From the earliest times the scarcity of precious minerals – and the difficulties frequently attendant upon their discovery and divining from the Earth- has given them value that made them symbols of status and social standing as well as laying the foundations for investment and the roots of the economy we know today.

The sourcing and acquisition of these amazing gemstones is of extreme importance to any prospective item of jewellery. They are intrinsic to Aurum’s success and certainly only the most breathtakingly beautiful high quality stones are, selected personally by Richard and his daughter Julie, from diamond specialists in Antwerp and from visits to stone cutters in the far East.

Care for your diamonds

Diamonds do need care to keep them at their brilliant best. A clean diamond not only reflects light better but also, actually looks bigger than one that’s been dulled by skin oils, soap and cosmetics. Diamonds have an affinity for grease and should be cleaned regularly to look their best.

Conflict-free diamonds

We endeavour to insure that all materials used in our jewellery come from ethical sources and we can offer Kimberley-certificated stones which prove this. The Kimberley Process Certification Scheme (Kimberley Process or KP) is an international governmental certification scheme that was set up to prevent the trade in diamonds that fund conflict. Launched in January 2003, the scheme requires governments to certify that shipments of rough diamonds are conflict-free.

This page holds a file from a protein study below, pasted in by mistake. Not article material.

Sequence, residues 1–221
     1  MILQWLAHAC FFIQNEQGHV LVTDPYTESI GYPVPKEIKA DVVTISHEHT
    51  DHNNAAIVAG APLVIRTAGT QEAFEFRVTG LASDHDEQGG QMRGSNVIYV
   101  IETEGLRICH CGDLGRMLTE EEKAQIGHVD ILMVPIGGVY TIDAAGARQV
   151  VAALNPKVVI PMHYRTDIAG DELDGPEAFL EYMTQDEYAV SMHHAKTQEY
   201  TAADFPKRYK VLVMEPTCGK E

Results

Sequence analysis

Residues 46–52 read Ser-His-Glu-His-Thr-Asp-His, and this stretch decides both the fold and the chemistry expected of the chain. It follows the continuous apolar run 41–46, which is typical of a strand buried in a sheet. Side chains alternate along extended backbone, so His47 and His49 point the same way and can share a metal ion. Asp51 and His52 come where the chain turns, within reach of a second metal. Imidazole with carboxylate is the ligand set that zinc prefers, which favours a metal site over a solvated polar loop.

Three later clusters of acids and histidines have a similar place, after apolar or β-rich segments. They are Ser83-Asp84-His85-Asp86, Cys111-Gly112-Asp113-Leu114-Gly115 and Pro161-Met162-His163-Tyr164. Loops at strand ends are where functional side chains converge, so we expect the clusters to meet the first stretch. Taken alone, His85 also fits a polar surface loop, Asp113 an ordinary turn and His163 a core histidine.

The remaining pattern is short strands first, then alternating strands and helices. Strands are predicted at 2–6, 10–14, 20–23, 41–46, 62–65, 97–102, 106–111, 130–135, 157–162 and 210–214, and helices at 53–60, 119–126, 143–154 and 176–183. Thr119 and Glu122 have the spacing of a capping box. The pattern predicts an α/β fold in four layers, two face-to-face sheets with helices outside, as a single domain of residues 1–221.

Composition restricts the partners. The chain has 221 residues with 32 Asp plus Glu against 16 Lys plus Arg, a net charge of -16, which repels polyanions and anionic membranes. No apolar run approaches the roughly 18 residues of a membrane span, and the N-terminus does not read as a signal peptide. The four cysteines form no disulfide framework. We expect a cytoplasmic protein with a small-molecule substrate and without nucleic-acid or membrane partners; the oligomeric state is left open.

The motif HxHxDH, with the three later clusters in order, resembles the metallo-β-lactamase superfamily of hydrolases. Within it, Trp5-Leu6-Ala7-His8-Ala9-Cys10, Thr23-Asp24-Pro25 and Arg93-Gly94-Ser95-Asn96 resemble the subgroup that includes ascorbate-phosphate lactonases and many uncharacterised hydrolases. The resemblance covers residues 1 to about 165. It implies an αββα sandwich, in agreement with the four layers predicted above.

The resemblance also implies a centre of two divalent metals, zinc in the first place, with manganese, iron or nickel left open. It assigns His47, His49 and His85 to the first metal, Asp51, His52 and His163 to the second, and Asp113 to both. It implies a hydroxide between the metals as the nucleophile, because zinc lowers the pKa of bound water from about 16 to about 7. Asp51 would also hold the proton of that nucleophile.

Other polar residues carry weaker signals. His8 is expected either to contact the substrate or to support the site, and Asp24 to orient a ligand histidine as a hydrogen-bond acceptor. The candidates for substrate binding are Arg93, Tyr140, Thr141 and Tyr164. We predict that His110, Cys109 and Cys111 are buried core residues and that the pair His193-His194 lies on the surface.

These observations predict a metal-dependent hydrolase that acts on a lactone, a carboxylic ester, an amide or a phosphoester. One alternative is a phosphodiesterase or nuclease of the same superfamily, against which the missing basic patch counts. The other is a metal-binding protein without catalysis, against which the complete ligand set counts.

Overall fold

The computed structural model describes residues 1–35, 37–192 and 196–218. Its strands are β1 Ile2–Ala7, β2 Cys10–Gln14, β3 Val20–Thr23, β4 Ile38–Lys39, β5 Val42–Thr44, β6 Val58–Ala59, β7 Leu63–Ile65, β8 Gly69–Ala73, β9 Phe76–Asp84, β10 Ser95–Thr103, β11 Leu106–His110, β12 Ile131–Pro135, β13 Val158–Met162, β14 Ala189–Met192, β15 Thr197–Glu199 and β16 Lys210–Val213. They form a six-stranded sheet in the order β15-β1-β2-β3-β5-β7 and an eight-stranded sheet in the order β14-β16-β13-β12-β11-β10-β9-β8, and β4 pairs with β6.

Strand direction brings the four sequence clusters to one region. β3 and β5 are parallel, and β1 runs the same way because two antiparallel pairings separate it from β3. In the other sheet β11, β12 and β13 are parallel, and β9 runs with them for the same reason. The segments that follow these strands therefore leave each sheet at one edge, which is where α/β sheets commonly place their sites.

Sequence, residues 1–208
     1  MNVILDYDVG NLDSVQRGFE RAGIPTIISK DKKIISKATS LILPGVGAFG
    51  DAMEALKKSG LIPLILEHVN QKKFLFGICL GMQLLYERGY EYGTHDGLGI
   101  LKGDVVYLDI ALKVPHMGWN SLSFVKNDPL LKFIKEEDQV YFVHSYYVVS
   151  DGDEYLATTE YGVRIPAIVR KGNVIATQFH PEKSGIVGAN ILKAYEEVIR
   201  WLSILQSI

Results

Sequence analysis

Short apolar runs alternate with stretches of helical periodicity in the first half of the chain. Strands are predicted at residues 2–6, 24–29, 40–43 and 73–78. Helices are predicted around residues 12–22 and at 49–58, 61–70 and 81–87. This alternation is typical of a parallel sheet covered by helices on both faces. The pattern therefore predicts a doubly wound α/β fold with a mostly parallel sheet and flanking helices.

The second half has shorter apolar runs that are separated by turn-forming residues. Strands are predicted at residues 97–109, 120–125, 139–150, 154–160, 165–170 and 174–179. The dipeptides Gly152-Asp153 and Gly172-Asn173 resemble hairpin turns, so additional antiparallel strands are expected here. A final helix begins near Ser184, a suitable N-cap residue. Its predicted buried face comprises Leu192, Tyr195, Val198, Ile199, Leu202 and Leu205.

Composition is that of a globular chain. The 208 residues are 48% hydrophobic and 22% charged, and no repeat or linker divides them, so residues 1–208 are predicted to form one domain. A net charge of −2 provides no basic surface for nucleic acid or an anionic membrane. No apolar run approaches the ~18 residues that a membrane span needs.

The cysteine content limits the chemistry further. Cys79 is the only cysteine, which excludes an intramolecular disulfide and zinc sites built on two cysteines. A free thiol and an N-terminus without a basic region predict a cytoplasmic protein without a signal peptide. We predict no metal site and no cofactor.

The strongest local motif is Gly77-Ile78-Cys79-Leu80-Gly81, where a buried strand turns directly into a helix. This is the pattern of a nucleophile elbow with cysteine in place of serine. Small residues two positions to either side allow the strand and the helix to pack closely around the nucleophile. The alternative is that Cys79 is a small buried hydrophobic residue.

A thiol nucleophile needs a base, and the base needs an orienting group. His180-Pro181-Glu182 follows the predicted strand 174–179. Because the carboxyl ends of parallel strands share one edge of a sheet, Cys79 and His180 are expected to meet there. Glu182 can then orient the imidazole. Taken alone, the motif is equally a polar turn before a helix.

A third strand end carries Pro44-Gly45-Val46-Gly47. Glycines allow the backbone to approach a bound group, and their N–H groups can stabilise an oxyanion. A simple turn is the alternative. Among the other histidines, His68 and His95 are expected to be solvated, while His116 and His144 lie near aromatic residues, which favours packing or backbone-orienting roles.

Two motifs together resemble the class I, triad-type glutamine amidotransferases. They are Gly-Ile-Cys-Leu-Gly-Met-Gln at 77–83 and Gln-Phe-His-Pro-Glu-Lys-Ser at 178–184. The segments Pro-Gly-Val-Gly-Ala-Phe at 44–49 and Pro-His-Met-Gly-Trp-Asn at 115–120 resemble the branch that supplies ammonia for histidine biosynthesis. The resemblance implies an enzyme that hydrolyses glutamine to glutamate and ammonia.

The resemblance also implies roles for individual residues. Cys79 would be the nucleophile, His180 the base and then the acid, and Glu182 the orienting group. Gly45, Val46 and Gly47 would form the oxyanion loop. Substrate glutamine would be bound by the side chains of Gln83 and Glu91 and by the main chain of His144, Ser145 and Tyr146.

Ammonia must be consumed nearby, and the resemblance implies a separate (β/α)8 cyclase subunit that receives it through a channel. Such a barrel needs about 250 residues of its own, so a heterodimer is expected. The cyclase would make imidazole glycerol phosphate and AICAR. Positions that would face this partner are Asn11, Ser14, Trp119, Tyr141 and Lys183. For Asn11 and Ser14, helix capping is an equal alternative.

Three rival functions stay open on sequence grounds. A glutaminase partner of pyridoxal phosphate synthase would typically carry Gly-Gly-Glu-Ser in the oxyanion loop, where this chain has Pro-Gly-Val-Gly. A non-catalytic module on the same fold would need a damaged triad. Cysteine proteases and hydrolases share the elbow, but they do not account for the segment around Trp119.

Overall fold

The colour grade is determined by comparison with a series of master stones, the best grade being colourless (D, exceptional white +.) Diamonds can also occur in all sorts of colours, ranging from brownish to striking yellows, pink to purple, red and blue. These are called ‘fancy colours’. Certain diamonds can react to ‘black light’ with grades varying from nil-slight-medium to strong. Beside colour, the fluorescence of the diamond is also graded.



The weight of a diamond is expressed in carats. One carat = 0.2 grams and one carat equals 100 points.


Most diamonds are colourless to slightly yellowish. The colour grade is determined by comparison with a series of masterstones, the best grade being colourless (D, exceptional white +).

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Diamonds can also occur in all sorts of colours, ranging from brownish to striking yellows, pink to purple, red and blue. These are called "fancy colours". Certain diamonds can react to "black light" with grades varying from nil-slight-medium to strong. Besides colour, the fluorescence of the diamond is also graded.


The proportions are determinative for the brilliancy and the fire of the diamond. The symmetry describes the variations of the different parameters which define the proportions. The polish described the finish of the facets. Matrix opal is where the opal occurs as a network of veins or infilling of voids or between grains of the host rock (ferruginous sandstone or ironstone). Rare seam or band opal is also found and is typically encased in ironstone.


Diamonds can be cut in various shapes (e.g. square, pear or heart). The round brilliant is probably the best known shape.

Round Brilliant








HRD Antwerp

For further information about the Diamond Chart or to find out more about HRD Antwerp please visit